Use this URL to cite or link to this record in EThOS: http://ethos.bl.uk/OrderDetails.do?uin=uk.bl.ethos.617511
Title: Variability in the lower circumpolar deep water and the Lazarev Sea
Author: Donnelly, Matthew Simon
ISNI:       0000 0004 5350 7155
Awarding Body: University of Liverpool
Current Institution: University of Liverpool
Date of Award: 2014
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Abstract:
Furthering our understanding of the Southern Ocean as a critical component of the global climate system and its variability in both space and time is the focus of many investigations. This thesis aims to add to that effort by addressing two important questions. The first chapter will set the role of the Southern Ocean into greater context, clarifying the framework and background for its examination. The second chapter will examine a simple 1-dimensional model of the modification of the Lower Circumpolar Deep Water as it moves southwards across the ACC and into the Weddell Gyre. This leads into the third chapter which will address the first question of how variable are the characteristics of the Lower Circumpolar Deep Water? The variability of the salinity maximum associated with the Lower Circumpolar Deep Water is examined in order to address its spatial variability – from entry via the South Atlantic, through its circumpolar transit, ending with a terminal repository in the Weddell Gyre – by making use of freely available hydrographic data. It also examines temporal variability where repeat data allows, and provides new estimates of deep ocean mixing rates. The fourth chapter will seek to address the second question of how variable was the volume transport during the Lazarev Sea Krill Study (LaKriS) cruises? The LaKriS cruises provide a rare set of semi-repeat grids of hydrographic measurements near the Greenwich Meridian. This provides the opportunity to attempt to assess seasonal and inter-annual variability by making use of an inverse modelling technique. The fifth and final chapter will set the knowledge gained from addressing these two questions against the wider knowledge of the Southern Ocean system and consider the implications for future oceanic sampling and research.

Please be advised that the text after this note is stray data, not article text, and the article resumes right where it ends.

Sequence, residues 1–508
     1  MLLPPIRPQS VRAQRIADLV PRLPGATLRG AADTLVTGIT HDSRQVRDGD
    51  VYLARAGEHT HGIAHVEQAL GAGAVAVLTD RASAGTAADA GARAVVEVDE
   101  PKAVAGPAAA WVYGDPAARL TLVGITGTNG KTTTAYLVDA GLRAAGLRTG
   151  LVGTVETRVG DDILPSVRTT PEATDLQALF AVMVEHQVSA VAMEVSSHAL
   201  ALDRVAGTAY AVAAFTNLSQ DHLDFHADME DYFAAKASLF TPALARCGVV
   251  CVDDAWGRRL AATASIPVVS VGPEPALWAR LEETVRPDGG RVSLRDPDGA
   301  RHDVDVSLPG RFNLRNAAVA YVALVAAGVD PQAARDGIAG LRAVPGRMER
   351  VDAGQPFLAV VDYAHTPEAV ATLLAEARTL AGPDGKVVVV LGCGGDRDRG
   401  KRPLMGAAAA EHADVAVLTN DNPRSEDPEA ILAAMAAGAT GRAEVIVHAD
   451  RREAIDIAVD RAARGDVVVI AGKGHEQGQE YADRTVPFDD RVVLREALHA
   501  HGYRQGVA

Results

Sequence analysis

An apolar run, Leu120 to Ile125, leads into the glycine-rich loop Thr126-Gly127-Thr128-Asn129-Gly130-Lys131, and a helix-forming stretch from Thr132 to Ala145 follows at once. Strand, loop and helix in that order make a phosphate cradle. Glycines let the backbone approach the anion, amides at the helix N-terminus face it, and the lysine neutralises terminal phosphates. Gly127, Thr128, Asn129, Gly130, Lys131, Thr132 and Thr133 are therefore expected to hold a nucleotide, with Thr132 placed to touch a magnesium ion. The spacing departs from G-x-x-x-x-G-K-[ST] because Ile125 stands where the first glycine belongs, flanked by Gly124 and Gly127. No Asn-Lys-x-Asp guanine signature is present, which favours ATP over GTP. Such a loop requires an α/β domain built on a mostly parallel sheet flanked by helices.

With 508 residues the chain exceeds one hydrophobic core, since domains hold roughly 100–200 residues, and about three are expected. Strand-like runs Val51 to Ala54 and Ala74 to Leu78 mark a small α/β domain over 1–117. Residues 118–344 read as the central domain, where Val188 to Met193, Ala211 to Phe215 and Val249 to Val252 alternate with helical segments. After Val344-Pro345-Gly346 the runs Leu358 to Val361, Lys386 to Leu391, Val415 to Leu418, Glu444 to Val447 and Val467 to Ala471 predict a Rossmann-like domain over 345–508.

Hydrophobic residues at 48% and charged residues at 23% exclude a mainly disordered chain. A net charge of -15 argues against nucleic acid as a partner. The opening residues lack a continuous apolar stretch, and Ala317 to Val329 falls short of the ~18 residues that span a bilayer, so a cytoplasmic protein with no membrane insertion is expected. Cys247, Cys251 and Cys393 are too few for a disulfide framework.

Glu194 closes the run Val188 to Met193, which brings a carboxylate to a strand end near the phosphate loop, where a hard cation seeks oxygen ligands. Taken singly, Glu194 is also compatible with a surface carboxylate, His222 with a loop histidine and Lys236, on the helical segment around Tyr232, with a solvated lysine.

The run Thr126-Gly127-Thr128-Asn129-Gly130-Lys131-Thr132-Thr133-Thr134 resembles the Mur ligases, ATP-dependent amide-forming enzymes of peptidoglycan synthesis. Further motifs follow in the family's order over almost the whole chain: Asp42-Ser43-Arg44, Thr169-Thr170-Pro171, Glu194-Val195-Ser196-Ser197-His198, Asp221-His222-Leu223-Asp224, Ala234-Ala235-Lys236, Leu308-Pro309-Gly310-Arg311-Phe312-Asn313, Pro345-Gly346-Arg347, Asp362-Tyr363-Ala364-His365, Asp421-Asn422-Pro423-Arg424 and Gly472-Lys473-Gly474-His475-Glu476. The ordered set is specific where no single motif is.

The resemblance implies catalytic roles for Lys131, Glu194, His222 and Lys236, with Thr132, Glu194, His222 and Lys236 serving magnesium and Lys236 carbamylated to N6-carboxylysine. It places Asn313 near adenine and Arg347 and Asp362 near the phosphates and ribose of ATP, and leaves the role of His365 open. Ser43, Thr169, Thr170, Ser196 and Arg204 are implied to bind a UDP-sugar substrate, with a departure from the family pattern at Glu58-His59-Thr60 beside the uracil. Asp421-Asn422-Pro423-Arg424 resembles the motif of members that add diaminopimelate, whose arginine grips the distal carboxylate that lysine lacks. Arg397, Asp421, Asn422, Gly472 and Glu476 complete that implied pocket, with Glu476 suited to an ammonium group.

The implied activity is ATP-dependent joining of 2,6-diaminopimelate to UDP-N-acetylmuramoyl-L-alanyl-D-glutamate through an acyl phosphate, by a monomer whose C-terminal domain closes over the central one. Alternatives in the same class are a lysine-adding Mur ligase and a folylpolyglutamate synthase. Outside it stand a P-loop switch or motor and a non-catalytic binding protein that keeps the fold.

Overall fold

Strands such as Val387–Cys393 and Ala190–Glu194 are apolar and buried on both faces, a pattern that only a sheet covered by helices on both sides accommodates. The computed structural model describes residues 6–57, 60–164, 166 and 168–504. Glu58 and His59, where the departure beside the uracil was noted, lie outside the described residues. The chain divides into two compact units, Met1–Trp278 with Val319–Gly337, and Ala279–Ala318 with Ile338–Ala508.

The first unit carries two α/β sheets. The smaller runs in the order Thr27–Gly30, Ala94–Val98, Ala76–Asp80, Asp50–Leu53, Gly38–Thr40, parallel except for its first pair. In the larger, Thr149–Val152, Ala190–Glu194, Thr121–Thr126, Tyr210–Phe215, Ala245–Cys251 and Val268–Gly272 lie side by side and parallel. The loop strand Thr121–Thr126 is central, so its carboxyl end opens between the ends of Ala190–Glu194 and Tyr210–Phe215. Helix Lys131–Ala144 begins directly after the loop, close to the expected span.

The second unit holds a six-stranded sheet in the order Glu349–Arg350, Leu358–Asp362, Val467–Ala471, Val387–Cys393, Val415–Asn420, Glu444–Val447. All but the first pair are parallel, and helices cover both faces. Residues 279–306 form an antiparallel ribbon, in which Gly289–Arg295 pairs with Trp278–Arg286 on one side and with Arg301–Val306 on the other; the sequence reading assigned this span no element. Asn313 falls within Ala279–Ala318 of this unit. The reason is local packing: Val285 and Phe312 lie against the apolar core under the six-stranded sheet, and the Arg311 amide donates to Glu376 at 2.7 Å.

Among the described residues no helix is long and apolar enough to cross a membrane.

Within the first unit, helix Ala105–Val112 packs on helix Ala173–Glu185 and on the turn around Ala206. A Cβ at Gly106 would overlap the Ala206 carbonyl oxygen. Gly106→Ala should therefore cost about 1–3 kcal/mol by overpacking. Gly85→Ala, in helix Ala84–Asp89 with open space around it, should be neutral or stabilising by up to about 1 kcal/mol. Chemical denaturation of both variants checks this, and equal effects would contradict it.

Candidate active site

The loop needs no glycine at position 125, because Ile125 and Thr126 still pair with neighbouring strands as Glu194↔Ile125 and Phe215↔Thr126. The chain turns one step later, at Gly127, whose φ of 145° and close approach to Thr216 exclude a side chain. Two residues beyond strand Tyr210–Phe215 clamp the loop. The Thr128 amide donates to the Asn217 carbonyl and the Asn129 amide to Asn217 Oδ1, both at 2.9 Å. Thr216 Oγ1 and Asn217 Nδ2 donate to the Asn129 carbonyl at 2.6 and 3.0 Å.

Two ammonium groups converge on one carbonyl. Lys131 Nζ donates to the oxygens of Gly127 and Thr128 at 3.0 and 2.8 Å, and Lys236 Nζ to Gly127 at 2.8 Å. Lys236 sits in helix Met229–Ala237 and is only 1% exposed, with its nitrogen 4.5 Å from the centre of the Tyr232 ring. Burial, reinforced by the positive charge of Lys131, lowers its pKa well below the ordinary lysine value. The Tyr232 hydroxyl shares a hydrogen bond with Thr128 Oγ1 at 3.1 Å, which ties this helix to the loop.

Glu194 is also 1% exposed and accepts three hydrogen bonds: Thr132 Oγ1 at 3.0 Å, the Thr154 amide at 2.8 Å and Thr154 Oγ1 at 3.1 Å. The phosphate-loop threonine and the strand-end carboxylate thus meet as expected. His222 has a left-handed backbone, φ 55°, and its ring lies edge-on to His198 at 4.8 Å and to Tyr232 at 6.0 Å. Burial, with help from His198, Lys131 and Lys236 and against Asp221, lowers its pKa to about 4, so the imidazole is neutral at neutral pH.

Supervisor: Leach, Harry; Strass, Volker; Leach, Harry Sponsor: Not available
Qualification Name: Thesis (Ph.D.) Qualification Level: Doctoral
EThOS ID: uk.bl.ethos.617511  DOI: Not available
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